- What’s On
Martyn Rix is a botanist and plant collector who has served as botanist to The Royal Horticultural Society. He studied botany at Trinity College, Dublin, and did a PhD on Greek and Turkish Fritillaria at Cambridge, contributing to the Flora of Turkey. Editor of Curtis’s Botanical Magazine, Martyn Rix has co-authored numerous botanical guides with Roger Phillips.
In Turkey the tireless George Maw was able to indulge in both his loves. He found inspiration for the decorative tiles made by his family pottery. And he discovered the plants that inspired his magnificent book on crocuses. By Martyn and Alison Rix.
When spring arrives in the high passes of the Taurus Mountains, a dazzling display of flowers comes out to greet it. Story and photographs by Martyn Rix
Martyn Rix sidesteps the concrete condos of the Turkish Riviera to go searching for native flowers. In the valleys of the Taurus Mountains and on the unspoilt rocky headlands of the coast, he finds wild gladioli, tassel hyacinths, Persian fritillaries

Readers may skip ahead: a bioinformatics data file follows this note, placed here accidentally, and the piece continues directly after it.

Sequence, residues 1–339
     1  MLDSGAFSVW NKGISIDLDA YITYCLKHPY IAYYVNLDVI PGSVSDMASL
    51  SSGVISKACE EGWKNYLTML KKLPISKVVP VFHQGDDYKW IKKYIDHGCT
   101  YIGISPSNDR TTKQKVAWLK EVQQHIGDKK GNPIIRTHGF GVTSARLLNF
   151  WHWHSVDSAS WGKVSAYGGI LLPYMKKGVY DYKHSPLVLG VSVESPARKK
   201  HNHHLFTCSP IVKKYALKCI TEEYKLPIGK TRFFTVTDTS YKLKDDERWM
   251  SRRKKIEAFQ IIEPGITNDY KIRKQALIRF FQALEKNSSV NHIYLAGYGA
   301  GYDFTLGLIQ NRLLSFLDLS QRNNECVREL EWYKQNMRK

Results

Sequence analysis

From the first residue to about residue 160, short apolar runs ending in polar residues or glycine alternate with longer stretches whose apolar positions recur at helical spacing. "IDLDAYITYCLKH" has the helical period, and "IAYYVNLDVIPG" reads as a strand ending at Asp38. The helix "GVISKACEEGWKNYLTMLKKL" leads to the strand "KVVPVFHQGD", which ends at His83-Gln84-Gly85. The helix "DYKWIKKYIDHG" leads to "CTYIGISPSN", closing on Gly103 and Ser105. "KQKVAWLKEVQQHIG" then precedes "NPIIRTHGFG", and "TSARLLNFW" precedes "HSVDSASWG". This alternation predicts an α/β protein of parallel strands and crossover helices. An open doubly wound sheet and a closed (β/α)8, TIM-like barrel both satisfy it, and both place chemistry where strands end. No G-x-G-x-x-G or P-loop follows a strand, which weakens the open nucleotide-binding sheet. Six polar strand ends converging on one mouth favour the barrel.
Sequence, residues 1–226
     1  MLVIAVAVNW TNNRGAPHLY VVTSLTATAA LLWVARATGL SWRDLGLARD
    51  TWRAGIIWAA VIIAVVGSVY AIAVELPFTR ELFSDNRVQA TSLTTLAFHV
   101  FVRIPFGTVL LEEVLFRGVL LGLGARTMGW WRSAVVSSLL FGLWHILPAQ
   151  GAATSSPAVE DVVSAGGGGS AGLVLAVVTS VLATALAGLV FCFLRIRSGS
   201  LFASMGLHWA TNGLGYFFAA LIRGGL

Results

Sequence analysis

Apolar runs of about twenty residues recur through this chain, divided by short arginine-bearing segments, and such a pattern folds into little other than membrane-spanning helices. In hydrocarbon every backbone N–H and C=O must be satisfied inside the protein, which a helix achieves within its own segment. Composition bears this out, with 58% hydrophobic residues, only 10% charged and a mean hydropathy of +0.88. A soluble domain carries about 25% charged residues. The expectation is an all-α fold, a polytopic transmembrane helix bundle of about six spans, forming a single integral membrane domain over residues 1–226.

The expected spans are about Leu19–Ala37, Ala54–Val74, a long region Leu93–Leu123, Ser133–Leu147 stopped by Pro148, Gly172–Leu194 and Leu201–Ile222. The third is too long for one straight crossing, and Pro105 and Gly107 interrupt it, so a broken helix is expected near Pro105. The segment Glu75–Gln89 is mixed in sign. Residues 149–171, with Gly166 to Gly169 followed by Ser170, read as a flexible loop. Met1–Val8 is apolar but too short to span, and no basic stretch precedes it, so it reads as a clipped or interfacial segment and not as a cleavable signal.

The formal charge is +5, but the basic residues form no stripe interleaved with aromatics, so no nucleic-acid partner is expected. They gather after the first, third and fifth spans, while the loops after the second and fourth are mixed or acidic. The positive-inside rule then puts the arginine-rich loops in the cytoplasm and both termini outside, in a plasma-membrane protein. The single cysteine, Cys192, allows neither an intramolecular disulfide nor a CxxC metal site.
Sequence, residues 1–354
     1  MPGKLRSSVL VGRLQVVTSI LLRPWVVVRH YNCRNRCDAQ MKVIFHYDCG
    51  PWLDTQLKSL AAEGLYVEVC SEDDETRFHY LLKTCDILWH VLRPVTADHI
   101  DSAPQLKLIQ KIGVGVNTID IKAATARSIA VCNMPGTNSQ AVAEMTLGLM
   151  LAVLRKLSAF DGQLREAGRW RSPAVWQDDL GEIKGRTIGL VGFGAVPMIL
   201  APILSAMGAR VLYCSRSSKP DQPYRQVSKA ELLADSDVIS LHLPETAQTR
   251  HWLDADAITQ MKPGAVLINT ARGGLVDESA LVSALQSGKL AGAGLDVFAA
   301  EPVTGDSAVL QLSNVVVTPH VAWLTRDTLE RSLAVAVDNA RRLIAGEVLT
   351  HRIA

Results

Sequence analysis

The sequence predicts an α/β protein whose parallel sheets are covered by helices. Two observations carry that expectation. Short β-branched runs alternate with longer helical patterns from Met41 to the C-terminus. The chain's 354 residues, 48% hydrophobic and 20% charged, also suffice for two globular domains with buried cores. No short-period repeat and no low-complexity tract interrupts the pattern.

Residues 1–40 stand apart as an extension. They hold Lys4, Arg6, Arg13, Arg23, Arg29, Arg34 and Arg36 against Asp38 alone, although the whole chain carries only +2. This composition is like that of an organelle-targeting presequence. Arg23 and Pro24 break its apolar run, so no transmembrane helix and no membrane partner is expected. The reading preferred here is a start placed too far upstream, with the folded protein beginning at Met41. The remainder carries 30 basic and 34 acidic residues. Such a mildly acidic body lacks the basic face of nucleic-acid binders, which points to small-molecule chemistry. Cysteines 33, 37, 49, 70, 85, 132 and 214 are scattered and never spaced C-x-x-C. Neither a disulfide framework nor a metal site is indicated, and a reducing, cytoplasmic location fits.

The intoxicating scent of attar of roses, the oil distilled from the petals of damask roses, has worked its magic on men and women for centuries. Martyn Rix traces the history of the damask rose from its roots in Neolithic times and travels to Isparta in southwest Anatolia to see how these precious petals yield up a liquid worth its weight in gold. Photographs by Berrin Torolsan and Martyn Rix
Mount Ida is a paradise for wild flowers. Martyn Rix prospected the area from cool, damp north to hot, dry south. There he found and photographed dwarf flax, giant hogweed – and plants that grow nowhere else in the world
Martyn Rix introduces a special issue devoted to Turkey’s horticultural heritage, from the splash of the urban window box to the splendour of a mountain hillside
Magazines are sent post-free worldwide by Standard Air which can take up to three weeks. For expedited service and estimated delivery times please contact us.
Books are sent post-free worldwide to current Cornucopia subscribers.
Non-subscribers pay £6 per kilo for books.
See Subscribers Club for a full list of subscriber benefits.